Friday, November 05, 2010

Civil War: Doomed Dems Split Over Pelosi

I think she'd be a great Minority Leader. She'll be so effective the Democrats may become the permanent minority. Definitely a great plan to put the most unpopular politician in the nation out front as the face of your party, folks.
Battle lines are emerging in the House Democratic Caucus over Speaker Nancy Pelosi's (D-Calif.) possible bid to stay on as the minority leader.

Liberal Democrats are mobilizing in support of Pelosi remaining at the head of the party in the 112th Congress, while some centrists said she should step aside in the wake of the party's loss of around 60 House seats in Tuesday's election.

The growing fault line comes as Pelosi weighs the options in her political future. She has begun reaching out to members to gauge whether she enjoys enough support to stay as the Democratic leader.

"Democrats tend to be more kind to our leader when they have a loss," said Rep. John Dingell (D-Mich.), the longest-serving member of the House, on Detroit's WJR Radio. "She can run and probably get elected. I think she has a good chance of doing that."
She's got the devoted support from the lunatic wing of the party.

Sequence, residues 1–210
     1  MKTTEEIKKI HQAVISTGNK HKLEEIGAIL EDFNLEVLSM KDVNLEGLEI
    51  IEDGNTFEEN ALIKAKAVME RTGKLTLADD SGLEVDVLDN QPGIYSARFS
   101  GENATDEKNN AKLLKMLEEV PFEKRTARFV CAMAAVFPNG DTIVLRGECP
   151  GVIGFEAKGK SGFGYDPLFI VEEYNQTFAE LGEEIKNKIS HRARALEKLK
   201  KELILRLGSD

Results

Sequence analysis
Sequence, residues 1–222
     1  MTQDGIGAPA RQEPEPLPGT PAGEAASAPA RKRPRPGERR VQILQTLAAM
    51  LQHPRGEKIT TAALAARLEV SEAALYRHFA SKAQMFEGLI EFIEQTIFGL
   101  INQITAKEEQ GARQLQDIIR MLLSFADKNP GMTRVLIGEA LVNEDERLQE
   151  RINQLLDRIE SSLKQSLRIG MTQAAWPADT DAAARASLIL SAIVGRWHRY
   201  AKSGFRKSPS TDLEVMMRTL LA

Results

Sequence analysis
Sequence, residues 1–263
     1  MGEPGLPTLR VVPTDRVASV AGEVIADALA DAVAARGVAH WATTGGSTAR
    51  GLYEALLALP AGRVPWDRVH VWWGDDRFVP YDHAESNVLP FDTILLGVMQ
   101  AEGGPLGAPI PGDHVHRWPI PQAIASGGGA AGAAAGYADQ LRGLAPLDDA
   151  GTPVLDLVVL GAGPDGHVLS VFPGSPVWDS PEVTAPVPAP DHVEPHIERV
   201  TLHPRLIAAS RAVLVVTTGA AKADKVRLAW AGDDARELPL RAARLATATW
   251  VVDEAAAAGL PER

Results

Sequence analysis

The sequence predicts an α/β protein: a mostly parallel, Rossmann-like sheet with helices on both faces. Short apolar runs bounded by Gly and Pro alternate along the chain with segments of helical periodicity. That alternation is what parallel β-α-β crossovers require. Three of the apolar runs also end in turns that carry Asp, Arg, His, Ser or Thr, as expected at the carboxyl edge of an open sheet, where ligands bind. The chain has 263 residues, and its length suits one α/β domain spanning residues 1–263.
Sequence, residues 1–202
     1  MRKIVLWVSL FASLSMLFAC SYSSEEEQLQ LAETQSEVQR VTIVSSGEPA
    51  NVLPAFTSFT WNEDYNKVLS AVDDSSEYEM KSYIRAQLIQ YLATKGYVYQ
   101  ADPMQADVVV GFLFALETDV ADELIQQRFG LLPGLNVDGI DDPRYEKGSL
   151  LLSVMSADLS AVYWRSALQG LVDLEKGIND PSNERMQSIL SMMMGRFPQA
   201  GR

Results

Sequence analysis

Outside liberal groups are already organizing support for Pelosi before she makes a decision. Americans United for Change launched an e-mail campaign on Friday encouraging supporters to "send a personal note to Speaker Pelosi about how much you appreciate her leadership," and to "make sure she knows that we still support her."

The liberal website Daily Kos started a similar online petition.
Meanwhile, sane Democrats seeking survival in 2012 are looking toward the center. Good luck with that, fellas.
Rep. Dan Boren (D-Okla.), a conservative Democrat and another longtime critic of Pelosi, said he "cannot in good conscience" support her as minority leader, and would support a more conservative Democrat instead.

Rep. Heath Shuler (D-N.C.) and Rep. Jim Matheson (D-Utah), the co-chairman of the Blue Dog Democrats, have also said that Pelosi should step aside, joining the other incumbent Democrats and candidates who had said they would oppose Pelosi as Speaker if Democrats had retained their majority status, during the closing weeks of the campaign.
Now for a heartwarming look at internecine warfare.

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